The new lens arrived this morning. Amazon listed the item as “unknown delivery date” until sometime Wednesday evening, and then on Thursday before I returned home, the lens had shipped and it arrived today. This lens concludes the summer upgrades to my camera system. At this point the lens has only been used for about 18 shots, since the weather has been less than ideal for f/1.8 images today, and this evening at dusk (a good time for the lens) I was busy with a Statistics test.
In a complete irony, an Introduction to Optics textbook that I purchased recently arrived today as well. It was interesting to read how the f-number is calculated.
From the few images I have taken with the new lens I must conclude that it definitely lets a lot of light in and creates an interesting depth of field. It also seems as though the D60 has a few issues metering with the lens, since the automatically metered modes read things a little overly bright.
It is somewhat difficult for me to work with a static prime lens on the D60, since I have gotten so used to sitting still to compose and then zooming to adjust. Now I have a lens that will essentially do nothing notable except let light in, but in photography, that in itself is a wonderful thing.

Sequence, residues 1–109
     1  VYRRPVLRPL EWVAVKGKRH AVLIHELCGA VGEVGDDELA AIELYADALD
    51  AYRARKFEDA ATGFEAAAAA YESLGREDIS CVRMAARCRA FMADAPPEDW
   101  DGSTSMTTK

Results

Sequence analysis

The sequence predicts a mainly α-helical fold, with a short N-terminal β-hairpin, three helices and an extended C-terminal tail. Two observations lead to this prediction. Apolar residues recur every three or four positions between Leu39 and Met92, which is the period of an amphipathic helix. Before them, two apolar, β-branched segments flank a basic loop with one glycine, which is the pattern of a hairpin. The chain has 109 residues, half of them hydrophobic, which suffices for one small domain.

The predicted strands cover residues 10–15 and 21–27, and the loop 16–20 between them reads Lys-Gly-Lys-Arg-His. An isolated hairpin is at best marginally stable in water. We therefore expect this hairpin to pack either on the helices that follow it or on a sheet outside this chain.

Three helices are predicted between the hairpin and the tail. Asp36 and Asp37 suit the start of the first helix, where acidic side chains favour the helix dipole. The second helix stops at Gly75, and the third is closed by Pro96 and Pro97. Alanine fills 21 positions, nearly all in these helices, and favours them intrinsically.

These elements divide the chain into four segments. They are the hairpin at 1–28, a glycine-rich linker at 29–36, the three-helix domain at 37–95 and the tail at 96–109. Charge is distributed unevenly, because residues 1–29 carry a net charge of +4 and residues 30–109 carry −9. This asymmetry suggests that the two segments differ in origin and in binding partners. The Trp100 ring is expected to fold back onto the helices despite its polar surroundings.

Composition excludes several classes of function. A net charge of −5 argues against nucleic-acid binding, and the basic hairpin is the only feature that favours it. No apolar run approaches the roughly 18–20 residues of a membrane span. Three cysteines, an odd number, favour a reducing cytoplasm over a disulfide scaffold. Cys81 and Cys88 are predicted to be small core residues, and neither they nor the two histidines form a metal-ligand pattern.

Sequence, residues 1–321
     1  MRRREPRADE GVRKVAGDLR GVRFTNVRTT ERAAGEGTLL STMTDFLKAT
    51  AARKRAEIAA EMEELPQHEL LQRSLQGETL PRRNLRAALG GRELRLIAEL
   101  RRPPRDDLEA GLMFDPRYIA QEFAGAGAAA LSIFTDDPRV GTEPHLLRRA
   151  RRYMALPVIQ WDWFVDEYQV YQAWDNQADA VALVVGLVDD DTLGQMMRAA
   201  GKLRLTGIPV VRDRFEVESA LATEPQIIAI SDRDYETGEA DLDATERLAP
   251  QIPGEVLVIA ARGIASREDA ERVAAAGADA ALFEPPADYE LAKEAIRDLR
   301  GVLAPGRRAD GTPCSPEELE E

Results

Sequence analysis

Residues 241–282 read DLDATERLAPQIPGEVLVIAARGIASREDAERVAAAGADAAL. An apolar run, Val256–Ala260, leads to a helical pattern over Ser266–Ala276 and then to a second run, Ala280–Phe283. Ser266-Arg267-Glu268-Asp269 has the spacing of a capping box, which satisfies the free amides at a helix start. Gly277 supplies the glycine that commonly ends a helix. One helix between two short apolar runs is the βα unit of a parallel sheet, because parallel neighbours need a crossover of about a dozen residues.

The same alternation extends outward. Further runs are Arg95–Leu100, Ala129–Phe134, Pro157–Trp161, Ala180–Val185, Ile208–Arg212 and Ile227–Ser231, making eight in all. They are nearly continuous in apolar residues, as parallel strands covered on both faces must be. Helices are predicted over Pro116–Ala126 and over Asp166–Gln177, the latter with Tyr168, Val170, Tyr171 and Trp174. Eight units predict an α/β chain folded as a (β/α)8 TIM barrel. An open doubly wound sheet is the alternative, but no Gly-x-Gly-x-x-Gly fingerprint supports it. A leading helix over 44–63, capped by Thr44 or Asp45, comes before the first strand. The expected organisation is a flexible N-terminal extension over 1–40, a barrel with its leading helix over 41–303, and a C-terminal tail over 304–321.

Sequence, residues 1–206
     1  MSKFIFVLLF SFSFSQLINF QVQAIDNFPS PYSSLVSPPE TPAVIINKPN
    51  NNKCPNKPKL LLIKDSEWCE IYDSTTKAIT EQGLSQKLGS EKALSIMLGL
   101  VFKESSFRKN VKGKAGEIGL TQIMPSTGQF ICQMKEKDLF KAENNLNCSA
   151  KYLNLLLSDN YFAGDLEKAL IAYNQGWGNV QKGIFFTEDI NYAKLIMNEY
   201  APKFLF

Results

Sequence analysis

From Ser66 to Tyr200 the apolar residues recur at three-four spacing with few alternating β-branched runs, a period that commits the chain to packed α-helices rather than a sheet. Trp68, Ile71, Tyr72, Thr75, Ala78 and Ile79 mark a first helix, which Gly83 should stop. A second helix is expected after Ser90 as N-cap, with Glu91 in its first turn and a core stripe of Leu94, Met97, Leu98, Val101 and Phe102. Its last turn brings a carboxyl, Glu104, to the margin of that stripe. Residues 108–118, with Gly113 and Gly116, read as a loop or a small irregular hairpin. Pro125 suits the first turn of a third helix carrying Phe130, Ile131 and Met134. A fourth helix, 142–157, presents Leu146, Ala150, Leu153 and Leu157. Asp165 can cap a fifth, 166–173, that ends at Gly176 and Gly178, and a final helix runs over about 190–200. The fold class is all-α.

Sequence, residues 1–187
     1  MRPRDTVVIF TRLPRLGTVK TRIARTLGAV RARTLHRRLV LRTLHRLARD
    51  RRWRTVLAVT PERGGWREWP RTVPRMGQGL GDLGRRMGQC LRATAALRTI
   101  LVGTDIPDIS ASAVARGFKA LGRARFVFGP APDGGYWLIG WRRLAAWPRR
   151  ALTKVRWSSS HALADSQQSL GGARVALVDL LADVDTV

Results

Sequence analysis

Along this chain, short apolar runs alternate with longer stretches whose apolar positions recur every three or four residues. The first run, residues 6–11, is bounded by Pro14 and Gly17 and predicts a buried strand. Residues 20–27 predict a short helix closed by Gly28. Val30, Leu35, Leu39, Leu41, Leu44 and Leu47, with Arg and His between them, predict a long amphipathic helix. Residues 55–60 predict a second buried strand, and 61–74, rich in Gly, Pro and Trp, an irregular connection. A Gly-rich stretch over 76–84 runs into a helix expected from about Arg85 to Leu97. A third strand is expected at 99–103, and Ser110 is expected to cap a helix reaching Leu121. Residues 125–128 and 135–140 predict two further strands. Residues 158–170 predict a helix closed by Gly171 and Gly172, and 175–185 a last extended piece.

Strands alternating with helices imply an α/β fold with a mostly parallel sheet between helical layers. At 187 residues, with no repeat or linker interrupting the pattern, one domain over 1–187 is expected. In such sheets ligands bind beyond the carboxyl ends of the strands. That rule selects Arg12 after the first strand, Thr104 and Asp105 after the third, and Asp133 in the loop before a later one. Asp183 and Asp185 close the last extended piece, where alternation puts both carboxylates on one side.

Here is a sample image, it is Chris holding the 18-55mm lens, which was mounted on the D60 at the time the new lens arrived.
The image is a little overly bright and not as sharp as it could be, probably due to the fact it is too bright (too many stops too slow). My only complaint with this lens is that it is not a VR lens, but oh well, the faster lens speed is supposed to make up for that. While at first I wasn’t sure about using flash with this lens, I now think it might be an interesting thing to try, if for no other reason, just to see how low of a power the flash has to use to match what is needed.
Primarily this lens will be used for portraits, macro and landscapes. It is equivalent to around 50mm on my D-SLR.